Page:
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Six Shut It Downers Convicted of Trespass for August 2011 Activity at Vermont Yankee
BRATTLEBORO, Vermont - November 28 - A Windham County jury convicted six women of the Shut It Down Affinity Group of unlawful trespass for their August 30, 2011 activity at the Vermont Yankee nuclear power plant in Vernon.
Judge John C. Wesley presided at the daylong trial and imposed a $350 fine on each of the women after a hearing during which the prosecutor, Steven Brown, requested a sentence of 30-45 days in jail, suspended, and 100 hours of community service in Vermont.
All from Massachusetts, the women proceeded through the trial pro se, on their own behalf after waiving counsel. All informed the court they would refuse to pay the fine.
Convicted are Betsy Corner, 64, of Colrain; Hattie Nestel, 73, of Athol; Frances Crowe, 93; Nancy First, 82; and Paki Wieland, 69, of Northampton; Ellen Graves, 68, of West Springfield.
Judge Wesley refused to allow what he identified as a “necessity defense” after objections from Mr. Brown when the women argued that their presence at the power plant occurred when they exhausted legal avenues and chained themselves to the gate in order to shut down the nuclear plant because of the danger it poses.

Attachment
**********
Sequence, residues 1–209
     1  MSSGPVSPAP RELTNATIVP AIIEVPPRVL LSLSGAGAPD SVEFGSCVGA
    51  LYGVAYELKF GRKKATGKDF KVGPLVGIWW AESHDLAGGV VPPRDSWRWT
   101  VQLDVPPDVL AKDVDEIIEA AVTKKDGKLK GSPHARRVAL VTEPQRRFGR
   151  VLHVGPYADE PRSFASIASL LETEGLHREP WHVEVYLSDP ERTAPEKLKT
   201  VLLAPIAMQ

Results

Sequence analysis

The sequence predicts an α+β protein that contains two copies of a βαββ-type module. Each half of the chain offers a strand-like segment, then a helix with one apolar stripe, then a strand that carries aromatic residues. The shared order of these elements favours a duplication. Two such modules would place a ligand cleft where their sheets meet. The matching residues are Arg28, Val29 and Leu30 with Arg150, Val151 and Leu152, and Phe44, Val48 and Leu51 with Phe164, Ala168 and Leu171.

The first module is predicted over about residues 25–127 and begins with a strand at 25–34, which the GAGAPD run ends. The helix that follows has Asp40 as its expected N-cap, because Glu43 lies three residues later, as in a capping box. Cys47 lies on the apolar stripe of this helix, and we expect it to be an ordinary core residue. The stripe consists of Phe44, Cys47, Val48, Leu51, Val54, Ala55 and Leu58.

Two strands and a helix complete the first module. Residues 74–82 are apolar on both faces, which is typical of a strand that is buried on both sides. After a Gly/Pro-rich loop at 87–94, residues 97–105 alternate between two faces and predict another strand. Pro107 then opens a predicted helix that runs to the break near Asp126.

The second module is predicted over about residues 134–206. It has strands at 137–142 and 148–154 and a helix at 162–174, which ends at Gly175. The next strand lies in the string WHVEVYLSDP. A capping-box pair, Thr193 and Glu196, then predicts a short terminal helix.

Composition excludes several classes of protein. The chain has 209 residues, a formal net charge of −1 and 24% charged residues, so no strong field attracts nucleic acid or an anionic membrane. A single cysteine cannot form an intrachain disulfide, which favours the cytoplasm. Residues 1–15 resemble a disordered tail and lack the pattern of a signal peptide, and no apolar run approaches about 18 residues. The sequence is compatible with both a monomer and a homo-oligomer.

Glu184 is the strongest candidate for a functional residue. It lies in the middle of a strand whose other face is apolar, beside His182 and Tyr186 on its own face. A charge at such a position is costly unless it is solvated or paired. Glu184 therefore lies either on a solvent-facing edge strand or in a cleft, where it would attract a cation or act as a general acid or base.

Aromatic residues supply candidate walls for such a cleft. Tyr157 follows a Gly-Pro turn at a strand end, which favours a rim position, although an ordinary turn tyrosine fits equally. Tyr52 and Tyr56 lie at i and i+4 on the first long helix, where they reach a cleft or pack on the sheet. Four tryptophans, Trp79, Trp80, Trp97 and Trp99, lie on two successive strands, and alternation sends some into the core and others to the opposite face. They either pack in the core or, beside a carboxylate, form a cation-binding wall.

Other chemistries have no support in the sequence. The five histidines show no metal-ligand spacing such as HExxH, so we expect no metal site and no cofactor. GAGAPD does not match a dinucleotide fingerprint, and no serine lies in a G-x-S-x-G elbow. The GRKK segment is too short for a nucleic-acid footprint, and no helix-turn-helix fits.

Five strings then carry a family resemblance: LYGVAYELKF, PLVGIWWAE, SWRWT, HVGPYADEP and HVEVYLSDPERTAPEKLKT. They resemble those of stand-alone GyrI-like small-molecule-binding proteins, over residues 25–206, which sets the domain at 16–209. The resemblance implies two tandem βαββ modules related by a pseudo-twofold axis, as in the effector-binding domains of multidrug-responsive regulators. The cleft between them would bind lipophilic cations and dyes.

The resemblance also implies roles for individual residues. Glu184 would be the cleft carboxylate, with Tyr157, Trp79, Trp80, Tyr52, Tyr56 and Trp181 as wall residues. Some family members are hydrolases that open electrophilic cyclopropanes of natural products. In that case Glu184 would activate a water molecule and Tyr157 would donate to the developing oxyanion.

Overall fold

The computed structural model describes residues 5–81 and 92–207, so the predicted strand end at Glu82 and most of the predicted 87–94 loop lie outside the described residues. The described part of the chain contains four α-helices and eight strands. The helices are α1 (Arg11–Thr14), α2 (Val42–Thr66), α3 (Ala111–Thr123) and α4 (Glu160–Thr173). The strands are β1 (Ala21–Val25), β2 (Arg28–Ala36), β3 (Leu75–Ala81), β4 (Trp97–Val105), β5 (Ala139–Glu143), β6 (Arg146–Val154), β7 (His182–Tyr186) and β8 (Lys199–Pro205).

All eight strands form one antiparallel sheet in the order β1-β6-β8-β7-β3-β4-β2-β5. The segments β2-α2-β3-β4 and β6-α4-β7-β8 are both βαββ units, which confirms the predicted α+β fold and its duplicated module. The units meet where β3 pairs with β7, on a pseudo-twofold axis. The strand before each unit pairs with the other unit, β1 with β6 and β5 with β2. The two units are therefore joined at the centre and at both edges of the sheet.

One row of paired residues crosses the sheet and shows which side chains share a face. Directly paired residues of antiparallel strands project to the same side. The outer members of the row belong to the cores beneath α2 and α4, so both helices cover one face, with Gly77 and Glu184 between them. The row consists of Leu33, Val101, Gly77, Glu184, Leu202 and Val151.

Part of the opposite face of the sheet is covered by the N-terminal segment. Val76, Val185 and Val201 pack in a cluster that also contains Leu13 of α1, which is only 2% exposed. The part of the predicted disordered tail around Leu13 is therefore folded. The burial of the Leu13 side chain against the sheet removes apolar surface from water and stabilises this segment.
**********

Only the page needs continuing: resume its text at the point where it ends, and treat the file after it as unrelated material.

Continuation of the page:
Nevertheless, Judge Wesley allowed what he called “broad latitude” to the defendants as they made opening statements, testimony statements, cross examinations, and closing statements. The defendants repeatedly asserted that the Entergy Corporation and the power plant are trespassing in Vermont because the license to operate has expired.
In declarations that Judge Wesley instructed the jury to disregard, the defendants indicted Vermont Yankee and its owner, the Entergy Corporation, for violating Vermont law by continuing to operate, for polluting the environment, for dishonoring its 2002 purchase agreement with the state, and for storing nuclear waste five stories up in spent fuel rods.
The defendants told the jury that the nuclear reactor at Vermont Yankee is the same model as those that melted down at Fukushima.
After about an hour of deliberation, the jury sent out a request for clarification about ownership of the plant. Judge Wesley’s answer, crafted after conference with the prosecution and the defendants, indicated that Entergy Corporation owns the power plant. Shortly thereafter, the jury reached its verdict.
Some forty spectators attended the trial.
At sentencing, Judge Wesley said he imposed the monetary fine because he believed the women who had acted in conscience would not observe a restrictive sentence including a condition not to return to the power plant. Because they had refused community service, he said, his only recourse was “money,” a monetary fine.
Also all from Massachusetts, Marcia Gagliardi of Athol, Connie Harvard of Northampton, and Judy Wolter of Northfield provided direct support for the defendants during the trial. Sometimes accompanied by others including Sister Clare Carter of the Leverett Peace Pagoda, Ms. Wolter vigiled outside the courthouse in blustery weather during jury selection and the trial.
Spectators and the Shut It Down women observed that the atmosphere in the courtroom was courteous throughout the trial, which began Monday with jury selection.